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The Queen's Gambit by Walter Tevis

The Queen's Gambit (original 1983; edition 1983)

by Walter Tevis

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4031426,478 (4.2)11
Title:The Queen's Gambit
Authors:Walter Tevis
Info:Random House Inc (T) (1983), Edition: 1st, Hardcover, 243 pages
Collections:Your library

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The Queen's Gambit by Walter Tevis (1983)



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I had thought this was a book for children, since it is about an 8 year old girl who learns chess. However, it is an adult novel, with interesting characters. The girl, an orphan in Kentucky in the 1950s, is given a daily tranquilizer, along with the other orphans, to keep them quiet. This starts an addiction that develops along with her Chess prodigy skills. She becomes an US Chess champion, and later faces the Russian Chess Grandmasters, who really frighten her.
The pacing is good, the characters are realistic, and you soon begin to care for the people in the book. A little knowledge of chess will help understand what is going on, but the tension is not shown in the moves, but the reactions to the games and positions the players put themselves in to.
A good book. ( )
  hadden | Sep 30, 2013 |
I found this book lying on a table at the library one day and started reading it. A great story--I keep recommending it to people but I don't think anyone's taken me up on it yet. ( )
  JenneB | Apr 2, 2013 |
Recensione su: http://wp.me/p3X6aw-ah
Review at: http://wp.me/p3X6aw-ah ( )
  Saretta.L | Mar 31, 2013 |
Amazing and disturbing look at the life of a young female chess prodigy. The husband read it first years ago, immediately passed it on to me, and we have since passed it on to others. I must say that I had some fears when Z started playing chess so avidly because of this book. ( )
  beckydj | Mar 31, 2013 |
I chose this book because of the chess theme. I'm trying to read all chess fiction available. Walter Tevis is well-known because three famous movies are based on his books, The Hustler, The Man Who Fell To Earth and The Color Of Money. I think this one too would make a great movie. Tevis' style is very cinematic. However, contrary to what other reviewers - as well as the introduction to my edition by Lionel Shrivel - say, I don't think the book or a movie made out of it appeas to a non-chessplaying audience to be honest. How can someone understand the feeling of realising an oversight, making a strong move in a crucial situation or finding yourself in time-trouble without being a tournament player himself/herself is beyond me. And the book is filled by such moments. All other fragments of the story - the orphanage, Mrs. Wheatley, the pill addiction etc - are there to provide the background for the chess struggles, studying the openings, fighting against the anxieties of tournament life, overcoming the fear of losing - things that only a chess player can really comprehend. To sum it up, the books gets a 5/5 for chess players, but I'll give it a 3.5/5 for the general public. ( )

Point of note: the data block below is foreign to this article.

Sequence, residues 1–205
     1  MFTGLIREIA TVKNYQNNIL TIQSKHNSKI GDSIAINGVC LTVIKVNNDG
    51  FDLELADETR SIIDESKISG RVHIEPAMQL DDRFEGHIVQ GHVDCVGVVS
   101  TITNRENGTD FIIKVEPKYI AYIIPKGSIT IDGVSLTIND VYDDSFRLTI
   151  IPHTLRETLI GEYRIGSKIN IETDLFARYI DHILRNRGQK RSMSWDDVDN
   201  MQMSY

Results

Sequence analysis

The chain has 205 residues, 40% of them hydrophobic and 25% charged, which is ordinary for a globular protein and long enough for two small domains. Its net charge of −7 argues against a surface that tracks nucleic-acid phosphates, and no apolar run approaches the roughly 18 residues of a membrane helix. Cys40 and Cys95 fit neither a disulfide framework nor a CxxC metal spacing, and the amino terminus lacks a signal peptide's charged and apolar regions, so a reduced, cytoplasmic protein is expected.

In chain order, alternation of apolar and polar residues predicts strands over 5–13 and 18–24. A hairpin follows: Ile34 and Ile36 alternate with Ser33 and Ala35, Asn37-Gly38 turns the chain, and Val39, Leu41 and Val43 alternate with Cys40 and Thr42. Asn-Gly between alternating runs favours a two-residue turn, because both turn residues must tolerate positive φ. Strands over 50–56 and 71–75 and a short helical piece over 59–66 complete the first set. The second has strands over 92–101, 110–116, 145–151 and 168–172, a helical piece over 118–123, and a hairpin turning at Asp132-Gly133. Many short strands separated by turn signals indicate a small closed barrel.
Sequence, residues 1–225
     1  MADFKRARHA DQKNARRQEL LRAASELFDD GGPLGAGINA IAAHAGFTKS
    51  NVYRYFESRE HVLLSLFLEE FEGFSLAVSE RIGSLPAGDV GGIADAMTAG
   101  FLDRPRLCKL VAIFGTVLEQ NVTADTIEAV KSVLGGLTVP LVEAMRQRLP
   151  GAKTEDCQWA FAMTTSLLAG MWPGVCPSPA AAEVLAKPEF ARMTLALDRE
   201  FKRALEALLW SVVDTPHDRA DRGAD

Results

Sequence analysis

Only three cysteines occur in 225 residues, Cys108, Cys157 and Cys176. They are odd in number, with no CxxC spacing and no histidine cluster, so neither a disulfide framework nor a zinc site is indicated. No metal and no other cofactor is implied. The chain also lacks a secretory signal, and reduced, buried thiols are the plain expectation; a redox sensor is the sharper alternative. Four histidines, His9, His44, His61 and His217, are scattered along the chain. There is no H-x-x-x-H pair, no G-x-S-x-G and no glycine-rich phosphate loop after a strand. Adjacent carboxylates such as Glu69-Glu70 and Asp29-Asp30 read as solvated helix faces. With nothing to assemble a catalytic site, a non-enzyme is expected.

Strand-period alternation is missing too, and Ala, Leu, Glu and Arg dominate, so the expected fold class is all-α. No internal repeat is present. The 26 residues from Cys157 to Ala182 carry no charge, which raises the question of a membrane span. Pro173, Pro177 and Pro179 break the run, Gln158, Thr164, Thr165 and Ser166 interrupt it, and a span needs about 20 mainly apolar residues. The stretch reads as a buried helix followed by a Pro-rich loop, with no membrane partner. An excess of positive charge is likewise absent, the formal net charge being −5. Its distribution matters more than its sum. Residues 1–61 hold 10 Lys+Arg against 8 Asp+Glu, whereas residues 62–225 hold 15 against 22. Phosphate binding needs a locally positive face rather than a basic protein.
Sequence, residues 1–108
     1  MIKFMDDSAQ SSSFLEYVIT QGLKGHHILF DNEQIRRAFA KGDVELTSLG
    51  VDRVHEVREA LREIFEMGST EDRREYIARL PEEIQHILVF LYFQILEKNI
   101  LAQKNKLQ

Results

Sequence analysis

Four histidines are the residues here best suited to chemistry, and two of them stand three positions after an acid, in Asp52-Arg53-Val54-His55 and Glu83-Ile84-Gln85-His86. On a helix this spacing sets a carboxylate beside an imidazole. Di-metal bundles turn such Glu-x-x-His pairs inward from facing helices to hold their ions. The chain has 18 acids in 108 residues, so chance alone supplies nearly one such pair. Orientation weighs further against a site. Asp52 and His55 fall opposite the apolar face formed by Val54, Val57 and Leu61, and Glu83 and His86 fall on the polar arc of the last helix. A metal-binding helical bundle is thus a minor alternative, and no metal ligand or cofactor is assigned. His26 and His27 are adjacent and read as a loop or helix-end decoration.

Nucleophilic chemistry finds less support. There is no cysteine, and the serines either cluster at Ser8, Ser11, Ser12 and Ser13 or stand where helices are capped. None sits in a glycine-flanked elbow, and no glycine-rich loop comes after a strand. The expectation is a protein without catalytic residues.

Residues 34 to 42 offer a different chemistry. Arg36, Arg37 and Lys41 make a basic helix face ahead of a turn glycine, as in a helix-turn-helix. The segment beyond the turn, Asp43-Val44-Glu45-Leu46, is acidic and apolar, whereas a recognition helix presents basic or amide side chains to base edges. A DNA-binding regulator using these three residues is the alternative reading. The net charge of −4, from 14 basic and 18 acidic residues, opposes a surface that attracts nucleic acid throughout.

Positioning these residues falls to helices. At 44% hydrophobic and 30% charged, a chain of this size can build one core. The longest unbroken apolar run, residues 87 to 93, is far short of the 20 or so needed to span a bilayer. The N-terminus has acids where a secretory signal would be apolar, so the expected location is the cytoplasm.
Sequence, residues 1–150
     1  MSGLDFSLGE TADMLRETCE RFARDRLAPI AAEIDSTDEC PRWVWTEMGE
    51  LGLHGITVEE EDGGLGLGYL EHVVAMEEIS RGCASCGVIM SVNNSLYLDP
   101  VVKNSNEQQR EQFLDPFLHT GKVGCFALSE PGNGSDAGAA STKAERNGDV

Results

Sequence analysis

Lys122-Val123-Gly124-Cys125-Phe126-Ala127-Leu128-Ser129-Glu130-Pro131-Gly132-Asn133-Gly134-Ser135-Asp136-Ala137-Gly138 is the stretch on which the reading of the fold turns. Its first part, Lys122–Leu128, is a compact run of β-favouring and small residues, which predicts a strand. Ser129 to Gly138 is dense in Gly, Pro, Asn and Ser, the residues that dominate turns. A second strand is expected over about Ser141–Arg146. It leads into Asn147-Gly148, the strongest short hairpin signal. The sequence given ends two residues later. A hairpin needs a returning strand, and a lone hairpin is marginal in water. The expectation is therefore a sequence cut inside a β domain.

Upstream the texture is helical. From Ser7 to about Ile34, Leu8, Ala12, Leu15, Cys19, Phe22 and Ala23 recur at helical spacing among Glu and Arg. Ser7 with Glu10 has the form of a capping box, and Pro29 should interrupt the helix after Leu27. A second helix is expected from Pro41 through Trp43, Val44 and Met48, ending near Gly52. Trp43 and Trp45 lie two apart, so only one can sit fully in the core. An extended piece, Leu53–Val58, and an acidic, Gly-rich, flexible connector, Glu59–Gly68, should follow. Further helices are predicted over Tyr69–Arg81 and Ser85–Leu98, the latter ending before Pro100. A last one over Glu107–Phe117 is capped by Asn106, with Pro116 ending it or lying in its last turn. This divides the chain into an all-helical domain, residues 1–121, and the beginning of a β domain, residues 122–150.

trandism | Jan 2, 2012 |
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Amazon.com Product Description (ISBN 0394528018, Hardcover)

Beth Harmon becomes an orphan when her parents are killed in an automobile accident. At eight years old, she is placed in an orphanage in Mount Sterling, Kentucky, where the children are given a tranquillizer twice a day. Plain and shy, she learns to play chess from the janitor in the basement and discovers that she is a chess genius. She is adopted by Alma and Allston Wheatley and goes to a local school, but remains an outsider. Desperate to study chess and having no money, she steals a chess magazine from a newspaper store and then some money from Alma Wheatley and a girl at school, so that she can enter a tournament. She also steals some of the tranquillizers to which she is becoming addicted. At thirteen she wins the tournament, and by sixteen she is competing in the US Open Championship. Like Fast Eddie (in "The Hustler"), she hates to lose.

(retrieved from Amazon Mon, 30 Sep 2013 13:29:46 -0400)

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